4.2.3 Developing Novel Processing Technologies 101

4.3 Design of Advanced Materials for Flexible SIBs 101

4.3.1 Inorganic Anode Materials for Flexible SIBs 101

4.3.2 Inorganic Cathode Materials for Flexible SIBs 110

4.3.3 Organic Materials for Flexible SIBs 114

4.3.4 Other Major Components for Flexible SIBs (Electrolyte, Separators, etc.) 115

4.4 Design of Full Cell for Flexible SIBs 117

4.5 Summary and Outlook 121

References 123

5 1D and 2D Flexible Carbon Matrix Materials for Lithium–Sulfur Batteries 127
TianyiWang, Yushu Liu, Dawei Su, and GuoxiuWang

5.1 Introduction 127

5.2 The Working Mechanism and Challenges of Li–S Batteries 128

5.3 Flexible Cathode Hosts for Lithium–Sulfur Batteries 129

5.4 Electrolyte Membranes for Flexible Li–S Batteries 138

5.4.1 Solid Polymer Electrolytes for Flexible Li–S Batteries 139

5.4.2 Gel Polymer Electrolytes for Flexible Li–S Batteries 142

5.4.3 Composite Polymer Electrolytes for Flexible Li–S Batteries 143

5.5 Separator for Flexible Li–S Batteries 144

5.6 Summary 148

References 149

6 Flexible Electrodes for Lithium–Sulfur Batteries 155
Jia-Qi Huang,Meng Zhao, Rui Xu, and Qiang Zhang

6.1 Introduction 155

6.2 Lithium–Sulfur Battery and Flexible Cathode 156

6.2.1 Lithium–Sulfur Battery 156

6.2.2 Flexible Cathode for Lithium–Sulfur Battery 156

6.3 The Flexible Cathode of Lithium–Sulfur Battery 157

6.3.1 Flexible Cathode Based on One-dimensional Materials 157

6.3.1.1 Flexible Cathode Based on CNTs 157

6.3.1.2 Flexible Cathode Based on Carbon Nanofibers 163

6.3.1.3 Flexible Cathode Based on Polymer Fibers 166

6.3.2 Flexible Cathode Based on Two-dimensional Materials 167

6.3.2.1 Flexible Cathode Based on Graphene Paper 167

6.3.2.2 Flexible Cathode Based on Graphene Foam 169

6.3.3 Flexible Cathode Based on Three-dimensional Materials 172

6.3.3.1 Flexible Cathode Based on Three-dimensional Carbon Foam Materials 172

6.3.3.2 Flexible Cathode Based on Carbon/Binder Composites Materials 174

6.3.3.3 Flexible Cathode Based on Three-dimensional Metal Materials 176

6.4 Summary and Prospect 177

References 178

7 Flexible Lithium–Air Batteries 183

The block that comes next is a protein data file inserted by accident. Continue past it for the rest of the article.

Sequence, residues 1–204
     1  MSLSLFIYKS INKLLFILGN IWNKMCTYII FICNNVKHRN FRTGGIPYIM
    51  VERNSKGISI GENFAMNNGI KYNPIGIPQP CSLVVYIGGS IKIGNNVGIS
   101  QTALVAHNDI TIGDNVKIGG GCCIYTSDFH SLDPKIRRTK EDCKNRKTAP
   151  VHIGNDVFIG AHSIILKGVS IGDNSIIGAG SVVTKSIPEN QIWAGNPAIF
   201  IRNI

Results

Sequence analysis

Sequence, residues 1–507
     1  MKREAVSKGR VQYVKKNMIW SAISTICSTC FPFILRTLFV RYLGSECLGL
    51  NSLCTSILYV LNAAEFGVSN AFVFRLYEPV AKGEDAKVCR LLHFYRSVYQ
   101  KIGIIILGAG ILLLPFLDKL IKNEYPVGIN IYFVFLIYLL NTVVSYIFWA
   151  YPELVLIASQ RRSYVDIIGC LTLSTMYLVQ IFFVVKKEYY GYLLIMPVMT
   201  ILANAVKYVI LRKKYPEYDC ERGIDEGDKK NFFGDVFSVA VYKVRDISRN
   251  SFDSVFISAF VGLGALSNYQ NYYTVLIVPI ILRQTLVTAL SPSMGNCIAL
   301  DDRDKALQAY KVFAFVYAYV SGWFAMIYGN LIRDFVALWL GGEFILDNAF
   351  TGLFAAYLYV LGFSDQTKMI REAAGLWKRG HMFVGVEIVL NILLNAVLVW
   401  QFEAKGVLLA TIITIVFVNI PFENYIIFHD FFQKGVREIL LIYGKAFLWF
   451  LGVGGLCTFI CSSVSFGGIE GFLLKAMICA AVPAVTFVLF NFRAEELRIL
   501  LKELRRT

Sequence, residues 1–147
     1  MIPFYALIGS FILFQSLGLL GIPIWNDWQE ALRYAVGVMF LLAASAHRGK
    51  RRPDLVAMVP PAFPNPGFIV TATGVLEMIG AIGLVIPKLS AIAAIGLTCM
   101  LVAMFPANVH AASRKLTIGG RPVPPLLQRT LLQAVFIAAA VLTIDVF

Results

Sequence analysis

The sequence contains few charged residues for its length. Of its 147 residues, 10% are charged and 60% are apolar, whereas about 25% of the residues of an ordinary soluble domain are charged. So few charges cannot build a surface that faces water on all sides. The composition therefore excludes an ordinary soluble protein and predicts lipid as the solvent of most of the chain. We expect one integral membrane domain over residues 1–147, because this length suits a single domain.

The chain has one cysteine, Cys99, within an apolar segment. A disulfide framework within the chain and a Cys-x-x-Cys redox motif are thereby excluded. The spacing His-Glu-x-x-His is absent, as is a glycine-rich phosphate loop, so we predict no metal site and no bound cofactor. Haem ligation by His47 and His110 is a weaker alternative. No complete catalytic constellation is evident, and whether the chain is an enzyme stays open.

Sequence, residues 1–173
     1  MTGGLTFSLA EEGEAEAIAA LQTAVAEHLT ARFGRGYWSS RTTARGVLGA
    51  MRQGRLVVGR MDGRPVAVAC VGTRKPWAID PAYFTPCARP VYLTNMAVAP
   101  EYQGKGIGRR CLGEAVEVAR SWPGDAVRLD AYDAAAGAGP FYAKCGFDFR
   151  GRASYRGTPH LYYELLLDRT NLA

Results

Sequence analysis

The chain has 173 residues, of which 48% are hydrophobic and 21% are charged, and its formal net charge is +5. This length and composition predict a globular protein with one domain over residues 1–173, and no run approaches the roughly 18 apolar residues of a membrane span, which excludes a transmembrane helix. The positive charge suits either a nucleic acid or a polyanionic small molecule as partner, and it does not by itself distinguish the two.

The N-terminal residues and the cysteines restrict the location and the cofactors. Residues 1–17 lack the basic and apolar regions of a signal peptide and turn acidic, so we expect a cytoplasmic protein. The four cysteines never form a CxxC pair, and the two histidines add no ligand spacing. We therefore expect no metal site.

Qing-Chao Liu, Zhi-Wen Chang, Kai Chen, and Xin-Bo Zhang

7.1 Motivation for the Development of Flexible Lithium–Air Batteries 183

7.2 State of the Art for Flexible Lithium–Air Batteries 184

7.2.1 Overview of Flexible Energy Storage and Conversion Devices 184

7.2.2 Overview of Flexible Lithium–Air Batteries 185

7.2.2.1 Similarities between Coin Cell/Swagelok Batteries with Flexible Battery 187

7.2.2.2 Differences between Coin Cell/Swagelok Batteries with Flexible Battery 188

7.2.3 Current Status of Flexible Lithium–Air Battery 190

7.2.3.1 Planar Battery 190

7.2.3.2 Cable-type Battery 199

7.2.3.3 Woven-type Battery Pack 202

7.2.3.4 Battery Array Pack 203

7.3 Challenges and FutureWork on Flexible Lithium–Air Batteries 206

7.4 Concluding Remarks 207

References 208

8 Nanodielectric Elastomers for Flexible Generators 215
Li-Juan Yin and Zhi-Min Dang

8.1 Introduction 215

8.2 Electro-Mechanical Principles 216

8.2.1 Electro-Mechanical Conversion 216

8.2.2 Equations of DE Generators 217

8.3 Increasing the Performance of Dielectric Elastomers from the Materials Perspective 218

8.3.1 Increasing the Relative Permittivity of DEs 219

8.3.1.1 Elastomer Composites 219

8.3.1.2 Elastomer Blends 222

8.3.1.3 Chemical Modification 223

8.3.2 Decreasing Young’s Modulus 225

8.3.3 Complex Network Structure 225

8.4 Circuits and Electro-Mechanical Coupling Methods 227

8.5 Examples of Dielectric Elastomer Generators 230

8.6 Conclusion and Outlook 231

Acknowledgments 232

References 232

9 Flexible Dye-Sensitized Solar Cells 239
Byung-Man Kim, Hyun-Gyu Han, Deok-Ho Roh, Junhyeok Park, KwangMin Kim, Un-Young Kim, and Tae-Hyuk Kwon

9.1 Introduction 239

9.2 Materials and Fabrication of Electrodes for FDSCs 242

9.2.1 Photo-electrode 242

9.2.1.1 Flexible Substrate for Photo-electrode 242

9.2.1.2 Nanostructured-photoactive Film 243

9.2.1.3 Fiber-type FDSCs 249

9.2.2 Counter-electrode 251

9.3 Sensitizers in FDSCs and Thin Photoactive Film DSCs 254

9.3.1 State-of-the-Art Review of Sensitizers in FDSCs 254

9.3.2 Sensitizers in Thin Photoactive Film DSCs 258

9.4 Electrolyte and Hole-Transporting Materials for FDSCs 270

9.5 Conclusion and Outlook 276

References 278

10 Self-assembly in Fabrication of Semitransparent and Meso–Planar Hybrid Perovskite Photovoltaic Devices 283
Ravi K.Misra, Sigalit Aharon,Michael Layani, Shlomo Magdassi, and Lioz Etgar

10.1 Introduction 283

10.1.1 Semitransparent Perovskite Solar Cells Through Self-assembly of Perovskite in One Step 285

10.1.1.1 Cell Architecture and Morphology 286

10.1.1.2 Transparency and Photovoltaic Performance of the Cells 288

10.1.1.3 Recombination Behavior of the Charges in Cells 291

10.1.2 Mesoporous–Planar Hybrid Perovskite Devices Through Mesh-assisted Self-assembly of Mesoporous-TiO2 292

10.1.2.1 Cell Architecture and Morphology 293

10.1.2.2 Photovoltaic Performance of the Solar Cells 297

10.1.2.3 Study of Recombination Behavior through Charge Extraction 300

10.2 Summary and Future Perspective 302

References 302

11 Flexible Organic Solar Cells 305
Lin Hu, Youyu Jiang, and Yinhua Zhou

11.1 Introduction 305

11.1.1 Working Principle 306

11.1.2 Performance Characterization of OSCs 307

11.1.3 Device Structure 308

11.1.3.1 Conventional Device Structure 308

11.1.3.2 Inverted Device Structure 308

11.2 Active Layer 308

11.2.1 Donor Materials 310